The on-site auction will feature nearly 30 trucks by names like Corbitt, Oren, Autocar and Mack.

GREENSBORO, N.C. – Nearly 30 rare, antique big-rig trucks from the lifetime collection of the late Donald A. Smith – with desirable examples by makers such as Corbitt, Mack, Autocar and Oren, plus many parts, ornaments and other collectibles – will be sold on-site Saturday, Dec. 6th, on Smith’s business property at 2800 Oakland Avenue in Greensboro, starting at 10 a.m. (EST). Mr. Smith passed away in 2013, at age 80. His sons still operate Donald A. Smith Trucking Co.

Some of Donald Smith's vintage semi-trucks are displayed at his trucking company property.

Some of Donald Smith’s vintage semi-trucks are displayed at his trucking company property.

Vintage big-rig trucks are not a major collecting category – not yet, anyway. Don Smith might have changed all that single-handedly, with a collection that became legendary throughout the Southeast and beyond. People who were only marginally aware of the major makers from long ago, like Corbitt, are now acquainted with them and want to own old examples for themselves.

The auction will be conducted by Smithey’s Funwood Auction, based in Reidsville, N.C., which conducted Part 1 of the Smith estate, held Nov. 22, also in Greensboro. At that sale, semi-trucks, wreckers, forklifts, fire trucks and some old vintage cars came up for bid. The top lots included a 1975 International pick-up truck, two 1980 Scouts, a 1960 Cadillac and a 1967 Ford Galaxy 500.

“As great as Part 1 was, we’re looking to do even better in the Part 2 auction,” said Ken Smithey of Smithey’s Funwood Auction. “Donald Smith had a special place in his heart for Corbitt trucks and there will be around a dozen for people to bid on, including two rare and highly collectible Tall Boys. Also sold will be two 1950s Oren fire trucks, a Mack truck from the 1920s and more.”

Donald Smith started the Donald A. Smith Trucking Company more than 50 years ago, initially hauling mail for the U.S. Postal Service. He and his wife, Ann, began restoring antique trucks as a sideline hobby and proudly displayed their acquisitions at the business property in Greensboro. The two also joined both the Historical Truck Society and the Corbitt Preservation Association.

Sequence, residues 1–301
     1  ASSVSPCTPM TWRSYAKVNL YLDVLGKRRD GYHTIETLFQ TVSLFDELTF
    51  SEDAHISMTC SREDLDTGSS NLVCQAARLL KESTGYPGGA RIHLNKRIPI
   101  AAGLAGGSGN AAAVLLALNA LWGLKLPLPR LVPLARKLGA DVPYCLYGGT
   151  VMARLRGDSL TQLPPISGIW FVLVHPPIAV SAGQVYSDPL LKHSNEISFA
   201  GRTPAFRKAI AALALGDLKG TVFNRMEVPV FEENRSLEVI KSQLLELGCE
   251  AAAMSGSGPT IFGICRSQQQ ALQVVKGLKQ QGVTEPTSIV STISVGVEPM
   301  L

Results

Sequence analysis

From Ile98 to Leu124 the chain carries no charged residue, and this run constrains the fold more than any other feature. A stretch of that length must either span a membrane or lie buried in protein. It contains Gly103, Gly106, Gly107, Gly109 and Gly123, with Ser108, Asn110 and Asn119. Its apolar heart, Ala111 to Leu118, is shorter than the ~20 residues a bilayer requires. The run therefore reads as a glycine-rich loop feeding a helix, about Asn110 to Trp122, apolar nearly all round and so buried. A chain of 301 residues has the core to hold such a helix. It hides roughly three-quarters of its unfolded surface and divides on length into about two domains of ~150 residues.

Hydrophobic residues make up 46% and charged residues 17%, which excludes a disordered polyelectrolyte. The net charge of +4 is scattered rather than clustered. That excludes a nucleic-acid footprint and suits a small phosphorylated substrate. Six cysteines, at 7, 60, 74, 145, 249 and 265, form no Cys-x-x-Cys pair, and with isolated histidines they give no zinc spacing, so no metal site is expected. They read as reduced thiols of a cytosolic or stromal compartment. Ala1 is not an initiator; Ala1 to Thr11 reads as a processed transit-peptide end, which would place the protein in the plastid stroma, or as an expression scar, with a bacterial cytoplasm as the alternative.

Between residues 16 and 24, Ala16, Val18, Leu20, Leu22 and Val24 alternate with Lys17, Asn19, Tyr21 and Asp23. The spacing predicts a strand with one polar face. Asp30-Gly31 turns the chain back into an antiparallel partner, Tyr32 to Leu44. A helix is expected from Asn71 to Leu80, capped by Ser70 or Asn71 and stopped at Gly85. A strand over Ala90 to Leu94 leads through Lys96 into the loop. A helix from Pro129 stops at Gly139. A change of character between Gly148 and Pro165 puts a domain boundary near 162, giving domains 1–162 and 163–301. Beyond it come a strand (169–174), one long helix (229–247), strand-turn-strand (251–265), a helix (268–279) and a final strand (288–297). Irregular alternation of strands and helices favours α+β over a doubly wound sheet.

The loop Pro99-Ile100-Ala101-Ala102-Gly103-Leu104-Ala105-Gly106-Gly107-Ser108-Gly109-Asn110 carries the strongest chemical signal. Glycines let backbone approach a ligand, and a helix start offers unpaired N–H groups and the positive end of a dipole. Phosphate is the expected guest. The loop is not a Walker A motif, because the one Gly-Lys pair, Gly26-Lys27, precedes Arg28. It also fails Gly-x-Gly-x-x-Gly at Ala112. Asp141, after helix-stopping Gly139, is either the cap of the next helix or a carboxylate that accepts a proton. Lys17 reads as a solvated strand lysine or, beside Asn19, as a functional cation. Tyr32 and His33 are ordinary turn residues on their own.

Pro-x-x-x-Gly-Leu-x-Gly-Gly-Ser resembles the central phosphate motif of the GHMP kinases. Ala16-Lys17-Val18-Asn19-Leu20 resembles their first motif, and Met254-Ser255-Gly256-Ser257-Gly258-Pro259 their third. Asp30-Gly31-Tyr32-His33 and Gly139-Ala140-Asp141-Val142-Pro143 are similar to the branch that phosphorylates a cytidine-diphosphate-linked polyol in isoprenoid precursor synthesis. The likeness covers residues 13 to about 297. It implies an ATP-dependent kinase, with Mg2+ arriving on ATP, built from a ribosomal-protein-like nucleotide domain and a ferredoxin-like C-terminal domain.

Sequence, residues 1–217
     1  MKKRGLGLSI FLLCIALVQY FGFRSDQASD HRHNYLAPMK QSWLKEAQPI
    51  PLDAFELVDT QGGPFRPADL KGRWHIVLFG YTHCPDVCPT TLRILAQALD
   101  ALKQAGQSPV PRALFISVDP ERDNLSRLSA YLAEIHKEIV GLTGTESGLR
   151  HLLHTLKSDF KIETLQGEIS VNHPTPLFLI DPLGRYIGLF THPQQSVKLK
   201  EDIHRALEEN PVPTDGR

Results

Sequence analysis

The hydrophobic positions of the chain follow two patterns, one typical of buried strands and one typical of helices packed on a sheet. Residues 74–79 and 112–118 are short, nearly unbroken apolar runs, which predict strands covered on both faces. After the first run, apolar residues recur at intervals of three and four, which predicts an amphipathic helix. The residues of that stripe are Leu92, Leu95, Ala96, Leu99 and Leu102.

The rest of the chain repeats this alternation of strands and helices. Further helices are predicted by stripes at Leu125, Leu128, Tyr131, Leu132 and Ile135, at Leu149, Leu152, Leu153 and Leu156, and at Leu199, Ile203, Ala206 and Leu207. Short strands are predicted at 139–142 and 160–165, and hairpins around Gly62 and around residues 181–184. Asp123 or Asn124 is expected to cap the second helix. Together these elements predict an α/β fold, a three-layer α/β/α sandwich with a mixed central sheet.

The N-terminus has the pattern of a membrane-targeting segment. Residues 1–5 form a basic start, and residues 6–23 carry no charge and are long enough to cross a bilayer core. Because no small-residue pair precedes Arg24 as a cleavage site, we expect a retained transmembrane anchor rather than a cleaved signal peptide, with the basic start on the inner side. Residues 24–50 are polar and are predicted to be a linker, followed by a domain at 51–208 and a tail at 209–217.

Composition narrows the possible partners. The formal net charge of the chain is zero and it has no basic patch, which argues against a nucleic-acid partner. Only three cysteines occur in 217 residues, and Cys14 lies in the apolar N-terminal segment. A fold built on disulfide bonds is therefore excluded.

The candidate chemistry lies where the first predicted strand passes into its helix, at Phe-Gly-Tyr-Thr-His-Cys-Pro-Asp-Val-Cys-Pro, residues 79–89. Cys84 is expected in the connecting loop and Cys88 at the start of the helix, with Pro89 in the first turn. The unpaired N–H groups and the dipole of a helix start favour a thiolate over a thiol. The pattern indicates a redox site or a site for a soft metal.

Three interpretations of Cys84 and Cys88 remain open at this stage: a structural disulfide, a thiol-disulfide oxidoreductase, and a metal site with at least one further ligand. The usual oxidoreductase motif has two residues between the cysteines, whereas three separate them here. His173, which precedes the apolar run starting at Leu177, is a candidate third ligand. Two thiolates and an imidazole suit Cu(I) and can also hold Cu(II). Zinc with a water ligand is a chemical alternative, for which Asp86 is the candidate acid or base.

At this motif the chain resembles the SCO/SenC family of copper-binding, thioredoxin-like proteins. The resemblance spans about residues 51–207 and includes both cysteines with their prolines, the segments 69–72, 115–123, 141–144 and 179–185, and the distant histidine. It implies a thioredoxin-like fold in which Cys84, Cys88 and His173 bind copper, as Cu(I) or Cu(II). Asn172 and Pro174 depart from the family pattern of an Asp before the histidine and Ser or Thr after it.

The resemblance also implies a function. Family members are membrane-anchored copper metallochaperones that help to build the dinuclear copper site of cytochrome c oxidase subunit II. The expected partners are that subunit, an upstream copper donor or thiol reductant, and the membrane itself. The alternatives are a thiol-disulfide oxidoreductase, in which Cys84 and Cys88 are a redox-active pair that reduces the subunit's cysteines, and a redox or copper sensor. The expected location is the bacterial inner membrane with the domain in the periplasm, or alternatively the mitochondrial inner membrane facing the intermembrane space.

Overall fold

Their collection grew to include big-rig semi-trucks by the major manufacturers of the 1940s to the 1970s, but Smith especially loved the Corbitt trucks, which began in Henderson, N.C., in 1897 and stopped production in 1955. Smith accumulated what was to become the largest single-owner collection of vintage Corbitt trucks in the world, and many of these will be sold Dec. 6th.

The Tall Boys are the rarest and most unusual of all the Corbitt trucks, and the two in the auction are bound to attract keen bidder interest. Only nine were produced, having been designed by Guy M. Turner specially for Corbitt. One is a 1951 Corbitt 600 Series Tall Boy (with a cut-down cab) powered by a Cummins engine with a Mack transmission, a direct accelerator and an air clutch.

The other Tall Boy is of the original height and has an 8-cylinder Gardner diesel engine from England. Each cylinder has its own cut-off valve, so the driver can shut off one or more cylinders in order to save fuel – a unique and innovative feature for its time. Other Corbitts in the sale will include two from 1949 (a Model T-22 and a Model 825), one from 1945 and some from the ‘50s.